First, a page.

Brain GABA Levels and Treatment Response in Major Depressive Disorder
Recruitment status was Active, not recruiting
This study will evaluate changes in brain gamma-aminobutyric acid (GABA) levels due to treatment with escitalopram in people with major depressive disorder.
|Study Design:||Allocation: Non-Randomized
Endpoint Classification: Efficacy Study
Intervention Model: Single Group Assignment
Masking: Open Label
Primary Purpose: Treatment
|Official Title:||Brain GABA Levels and Treatment Response in Major Depressive Disorder|
- Brain GABA levels [ Time Frame: 12 weeks ] [ Designated as safety issue: No ]
- Depression rating scores [ Time Frame: 12 weeks ] [ Designated as safety issue: No ]
|Study Start Date:||September 2006|
|Estimated Primary Completion Date:||September 2008 (Final data collection date for primary outcome measure)|
Major depressive disorder (MDD) is a severe form of depression. MDD can significantly interfere with an individual's thoughts, behavior, mood, and physical health. People who suffer from MDD often experience feelings of worthlessness; they may feel hopeless and may be unable to cope with problems in their life. In addition, they often experience sleep disruption, loss of appetite, and chronic pain.
The purpose of the study is to compare images taken of the brains of people who are depressed and the brains of healthy volunteers. Specifically, we want to see if symptoms of depression are related to a decrease in a brain chemical called GABA. We measure the concentration of GABA using a brain-scanning device called "magnetic resonance spectroscopy" (or "MRS"), which is a type of MRI.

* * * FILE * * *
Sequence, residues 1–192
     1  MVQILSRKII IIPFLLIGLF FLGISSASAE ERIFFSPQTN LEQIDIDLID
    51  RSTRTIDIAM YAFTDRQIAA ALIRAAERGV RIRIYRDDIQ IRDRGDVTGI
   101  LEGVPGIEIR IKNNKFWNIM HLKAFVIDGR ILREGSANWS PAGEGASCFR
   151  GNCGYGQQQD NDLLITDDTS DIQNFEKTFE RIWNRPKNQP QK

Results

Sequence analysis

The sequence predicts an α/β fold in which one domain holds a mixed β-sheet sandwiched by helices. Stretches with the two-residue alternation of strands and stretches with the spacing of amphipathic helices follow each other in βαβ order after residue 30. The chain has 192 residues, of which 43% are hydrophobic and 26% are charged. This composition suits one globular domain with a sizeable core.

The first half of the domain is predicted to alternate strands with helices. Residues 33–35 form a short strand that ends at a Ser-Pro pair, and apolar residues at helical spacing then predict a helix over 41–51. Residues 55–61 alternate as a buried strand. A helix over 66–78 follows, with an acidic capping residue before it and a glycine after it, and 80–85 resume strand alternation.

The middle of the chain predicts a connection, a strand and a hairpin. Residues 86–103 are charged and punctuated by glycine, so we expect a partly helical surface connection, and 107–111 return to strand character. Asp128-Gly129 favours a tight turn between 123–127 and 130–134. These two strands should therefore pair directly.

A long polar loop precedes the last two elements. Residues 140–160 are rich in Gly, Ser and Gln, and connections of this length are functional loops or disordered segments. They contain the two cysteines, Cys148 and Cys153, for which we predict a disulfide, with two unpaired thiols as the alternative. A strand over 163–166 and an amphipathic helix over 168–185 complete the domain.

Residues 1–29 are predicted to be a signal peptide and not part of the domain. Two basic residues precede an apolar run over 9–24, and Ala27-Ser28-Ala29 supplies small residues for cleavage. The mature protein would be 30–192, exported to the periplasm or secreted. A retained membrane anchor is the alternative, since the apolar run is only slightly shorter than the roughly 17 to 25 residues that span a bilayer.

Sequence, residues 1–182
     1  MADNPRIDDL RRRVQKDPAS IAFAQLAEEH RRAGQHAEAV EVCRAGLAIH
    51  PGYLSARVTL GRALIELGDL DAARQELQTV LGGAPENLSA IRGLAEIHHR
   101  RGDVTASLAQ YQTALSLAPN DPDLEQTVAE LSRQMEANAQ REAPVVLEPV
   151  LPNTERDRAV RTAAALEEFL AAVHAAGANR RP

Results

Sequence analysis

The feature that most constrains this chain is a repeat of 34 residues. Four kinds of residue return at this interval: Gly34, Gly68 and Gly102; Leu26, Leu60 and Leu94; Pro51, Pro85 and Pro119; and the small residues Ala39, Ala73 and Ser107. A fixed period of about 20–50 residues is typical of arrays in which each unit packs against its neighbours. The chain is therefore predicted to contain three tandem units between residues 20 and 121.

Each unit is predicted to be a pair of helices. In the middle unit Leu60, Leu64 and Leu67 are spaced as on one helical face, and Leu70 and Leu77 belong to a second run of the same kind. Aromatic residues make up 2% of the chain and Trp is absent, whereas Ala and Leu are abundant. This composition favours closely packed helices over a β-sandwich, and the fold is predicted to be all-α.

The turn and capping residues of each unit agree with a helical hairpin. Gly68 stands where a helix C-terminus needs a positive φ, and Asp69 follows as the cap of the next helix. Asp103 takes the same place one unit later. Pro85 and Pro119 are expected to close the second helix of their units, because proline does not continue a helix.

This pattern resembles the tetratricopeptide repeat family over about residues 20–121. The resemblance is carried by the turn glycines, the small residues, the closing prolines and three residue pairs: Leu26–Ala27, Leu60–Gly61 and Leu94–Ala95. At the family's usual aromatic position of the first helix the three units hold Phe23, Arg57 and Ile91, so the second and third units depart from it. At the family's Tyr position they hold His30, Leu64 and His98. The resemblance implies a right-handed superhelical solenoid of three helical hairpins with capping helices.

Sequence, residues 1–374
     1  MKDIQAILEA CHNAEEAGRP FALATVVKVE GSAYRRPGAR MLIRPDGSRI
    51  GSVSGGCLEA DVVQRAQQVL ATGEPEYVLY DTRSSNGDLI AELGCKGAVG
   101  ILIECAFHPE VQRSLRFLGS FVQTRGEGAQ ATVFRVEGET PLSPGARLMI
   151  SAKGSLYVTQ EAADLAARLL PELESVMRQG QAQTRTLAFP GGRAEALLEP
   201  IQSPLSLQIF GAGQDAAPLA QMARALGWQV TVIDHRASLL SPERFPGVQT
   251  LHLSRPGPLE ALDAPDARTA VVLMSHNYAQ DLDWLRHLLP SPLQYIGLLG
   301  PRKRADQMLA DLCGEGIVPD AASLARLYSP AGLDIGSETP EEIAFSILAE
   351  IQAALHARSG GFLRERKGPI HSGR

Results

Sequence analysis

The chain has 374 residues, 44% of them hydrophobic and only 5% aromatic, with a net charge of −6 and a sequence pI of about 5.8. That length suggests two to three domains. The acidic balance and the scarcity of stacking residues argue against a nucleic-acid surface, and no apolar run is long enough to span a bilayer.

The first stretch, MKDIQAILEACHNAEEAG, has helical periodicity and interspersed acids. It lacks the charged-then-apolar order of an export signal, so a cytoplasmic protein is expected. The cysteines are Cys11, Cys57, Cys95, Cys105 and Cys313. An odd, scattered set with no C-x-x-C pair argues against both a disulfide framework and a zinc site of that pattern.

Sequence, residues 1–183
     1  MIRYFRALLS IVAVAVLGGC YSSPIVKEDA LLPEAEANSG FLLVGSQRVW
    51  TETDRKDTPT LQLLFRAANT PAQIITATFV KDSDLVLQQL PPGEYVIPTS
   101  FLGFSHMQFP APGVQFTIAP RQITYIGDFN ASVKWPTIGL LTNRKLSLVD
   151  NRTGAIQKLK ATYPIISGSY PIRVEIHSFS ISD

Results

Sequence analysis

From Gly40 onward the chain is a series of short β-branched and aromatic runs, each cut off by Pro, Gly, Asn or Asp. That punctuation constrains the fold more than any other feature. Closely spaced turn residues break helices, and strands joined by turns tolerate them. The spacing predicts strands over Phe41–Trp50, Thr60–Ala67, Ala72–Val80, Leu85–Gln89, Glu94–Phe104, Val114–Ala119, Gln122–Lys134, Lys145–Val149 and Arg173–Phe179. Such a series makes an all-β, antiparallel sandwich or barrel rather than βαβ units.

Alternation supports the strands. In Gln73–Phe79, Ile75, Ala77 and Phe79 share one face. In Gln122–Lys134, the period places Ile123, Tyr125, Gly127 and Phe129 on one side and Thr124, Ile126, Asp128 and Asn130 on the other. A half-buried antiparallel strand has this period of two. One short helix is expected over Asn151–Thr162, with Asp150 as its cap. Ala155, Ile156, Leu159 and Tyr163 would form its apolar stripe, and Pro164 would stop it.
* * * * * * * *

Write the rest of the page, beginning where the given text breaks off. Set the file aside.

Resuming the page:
The study lasts for 14 weeks and involves 8 visits to our MGH clinic in Boston. The first visit is the screening visit, which can last up to 3 hours. The rest of the visits are about a half hour long and take place every other week. In addition to these 8 visits, there are also 2 visits to McLean Hospital Brain Imaging Center for the MRS scans. The first scan takes place within a few days after the screening visit, and the second scan will be at the end of the 14 weeks. Each scan visit lasts between an hour and a half and two hours. Subjects are reimbursed $50 per MRS scan and $25 per visit to McLean to cover travel costs.
All subjects in this study will receive escitalopram (or Lexapro), which is an antidepressant medication approved by the Food and Drug Administration. Subjects start at 10 mg daily of the escitalopram, but may be increased up to 30 mg if the study doctor thinks it is appropriate.
|United States, Massachusetts|
|Depression Clinical and Research Program, Massachusetts General Hospital|
|Boston, Massachusetts, United States, 02114|
|Principal Investigator:||Dan Iosifescu, MD||Depression Clinical and Research Program, Massachusetts General Hospital|